Bolivia: A Development Overview

Since the end of the Napoleonic wars and the establishment of Bolivia's independence from Spanish rule in 1825, Bolivia endured a volatile and unstable past with close to 200 overthrows of the government and several rewrites of the constitution. Throughout this history, the people of Bolivia faced many complex development problems, mostly stemming from the country's deep-seated poverty and unreliable government.

The poverty and corruption of Bolivia's past continue to plague the country today. With a per capita income of $2,800—as compared to an average of $8,200 for other Latin American countries—Bolivia stands as the poorest nation on the continent. Furthermore, real GDP per capita in Bolivia is less today than it was 27 years ago, while 64 percent of the country lives below the poverty line. These conditions leave numerous Bolivian citizens unable to plan for the future, afford adequate health care, receive an education, or address fundamental social issues such as inequality.

Cochabamba is a region in which many Bolivians live in impoverished conditions. The recent water crisis is a testament to the people of Cochabamba's desire and willingness to fight the dreadful conditions and immoral policies that affect their lives. In order to secure a $138 million loan from the International Monetary Fund (IMF), Bolivia's government agreed to privatize public enterprises, including national oil refineries and the public water system of Cochabamba, SEMAPA. The resulting 40-year lease turned control of the water over to a subsidiary of the California-based Bechtel Corp. Soon after, the company doubled and tripled local water rates, forcing citizens to pay up to 23 percent of their monthly income to have water. Because the World Bank required that no subsidies be given to reduce the cost of water, the Bolivian people were left to shoulder the burden.

Unable to pay their water bills, Cochabamba's citizens assembled massive protests, shutting the city down for a week and refusing payment. To protect Bechtel's interests,

"the Bolivian government declared a 'state of emergency,' suspended constitutional rights, cut off radio stations, and kidnapped protest leaders from their beds in the middle of the night, flying them to a remote jungle jail to keep them away. Military forces seeking to squelch the protest used not only tear gas, but live rounds, killing a 17-year-old boy and injuring more than 100 people. In the end, however, the people of Cochabamba stood strong and eventually the government and the company were forced to back down, suspending the contract and rolling back the water hikes" (Shultz, 2000).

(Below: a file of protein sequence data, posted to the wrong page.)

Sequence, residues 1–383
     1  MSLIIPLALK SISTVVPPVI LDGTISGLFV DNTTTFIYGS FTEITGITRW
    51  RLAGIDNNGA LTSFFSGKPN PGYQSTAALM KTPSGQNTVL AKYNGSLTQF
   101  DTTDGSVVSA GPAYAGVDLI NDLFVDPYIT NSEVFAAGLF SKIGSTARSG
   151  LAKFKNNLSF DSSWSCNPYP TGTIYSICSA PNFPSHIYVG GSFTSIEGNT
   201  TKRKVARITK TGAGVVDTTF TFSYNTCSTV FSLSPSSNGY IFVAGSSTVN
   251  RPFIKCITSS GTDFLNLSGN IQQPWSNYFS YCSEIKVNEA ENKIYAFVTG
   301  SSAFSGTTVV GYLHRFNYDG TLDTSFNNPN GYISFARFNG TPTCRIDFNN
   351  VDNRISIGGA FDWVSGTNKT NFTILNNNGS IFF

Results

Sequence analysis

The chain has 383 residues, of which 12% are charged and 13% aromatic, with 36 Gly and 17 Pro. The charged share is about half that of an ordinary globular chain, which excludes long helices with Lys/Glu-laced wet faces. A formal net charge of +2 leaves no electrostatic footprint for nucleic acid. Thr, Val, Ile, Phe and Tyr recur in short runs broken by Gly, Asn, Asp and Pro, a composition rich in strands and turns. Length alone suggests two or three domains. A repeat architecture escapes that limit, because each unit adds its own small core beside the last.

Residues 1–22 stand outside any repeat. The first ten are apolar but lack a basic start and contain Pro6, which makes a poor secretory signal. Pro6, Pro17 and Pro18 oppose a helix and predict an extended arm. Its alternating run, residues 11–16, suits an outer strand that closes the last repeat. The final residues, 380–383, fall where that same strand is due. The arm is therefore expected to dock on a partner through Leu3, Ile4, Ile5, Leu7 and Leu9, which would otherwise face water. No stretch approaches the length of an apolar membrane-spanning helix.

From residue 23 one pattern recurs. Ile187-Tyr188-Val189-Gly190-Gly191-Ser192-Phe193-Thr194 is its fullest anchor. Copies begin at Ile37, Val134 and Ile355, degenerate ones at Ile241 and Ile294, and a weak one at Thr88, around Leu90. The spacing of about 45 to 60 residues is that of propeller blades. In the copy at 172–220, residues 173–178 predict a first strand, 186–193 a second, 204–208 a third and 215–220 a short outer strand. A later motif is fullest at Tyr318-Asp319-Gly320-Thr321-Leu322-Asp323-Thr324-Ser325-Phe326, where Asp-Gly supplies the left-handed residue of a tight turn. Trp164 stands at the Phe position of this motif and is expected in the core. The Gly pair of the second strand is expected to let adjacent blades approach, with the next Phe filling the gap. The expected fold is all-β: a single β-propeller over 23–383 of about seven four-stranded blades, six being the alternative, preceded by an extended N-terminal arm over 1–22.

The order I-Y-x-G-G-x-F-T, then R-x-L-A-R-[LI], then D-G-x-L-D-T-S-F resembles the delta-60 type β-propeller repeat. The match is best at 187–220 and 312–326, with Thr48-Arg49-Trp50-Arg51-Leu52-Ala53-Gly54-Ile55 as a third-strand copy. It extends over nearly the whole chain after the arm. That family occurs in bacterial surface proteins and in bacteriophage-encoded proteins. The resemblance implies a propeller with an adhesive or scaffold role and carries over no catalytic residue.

In 2003, widespread social unrest erupted again, but this time from a proposed plan to export natural gas, a recently discovered resource. Again, huge protests mounted by the people stopped plans to export Bolivia's natural gas reserves to large, western markets. Two years later in 2005, the government passed a controversial natural gas law that imposes significantly higher taxes on the oil and gas firms, as well as new contracts that give the state control of their operations. Bolivian officials are currently in the process of implementing this new law.

Although Cochabambans courageously overcame the water crisis and fought victoriously for fair economic policies in regards to the country's gas reserves, the people of Cochabamba and surrounding rural villages still have a difficult battle against poverty. Several factors contribute to these difficulties. With very little or no money to their name, most families are unqualified to take out much needed loans that could help them get a step ahead. Furthering this problem is countless Bolivians lack basic job skills, and are therefore unemployable. For the shocking number of Bolivians living below the poverty line, not having a reliable source of income prevents them from receiving important health care services, and also prevents them from access to education. Moreover, without an education, numerous Bolivians are not only unaware of their citizen's rights, but are completely left in the dark with respect to the political arena and the opportunities they have to fight for governmental policies that could affect their lives.

Compounding the already severe problems faced by so many Bolivians is environmental degradation that poses a huge threat to the sustainability of the land in the Cochabamba area. Deforestation, erosion, and poor land productivity are devastating the lives of thousands of Bolivians living in rural farming villages who depend on the land for their survival.

The Bolivian government's policies and the aid provided by other international institutions have inadequately addressed the grave and very complicated problems facing Bolivian communities. FSD is working on the ground in Cochabamba and surrounding rural villages to expand and develop the capabilities of local nonprofit organizations and communities that are working to implement sustainable solutions. Interning or volunteering with one of our partner organizations offers the opportunity to support critical work that reflects the needs, wants, and voices of local community members. Our work exhibits an approach that listens to and utilizes the wisdom of local community members and leaders to implement project work that produces sustainable growth and empowerment.

Read more about programs and opportunities initiated by our Community Partners in Bolivia.

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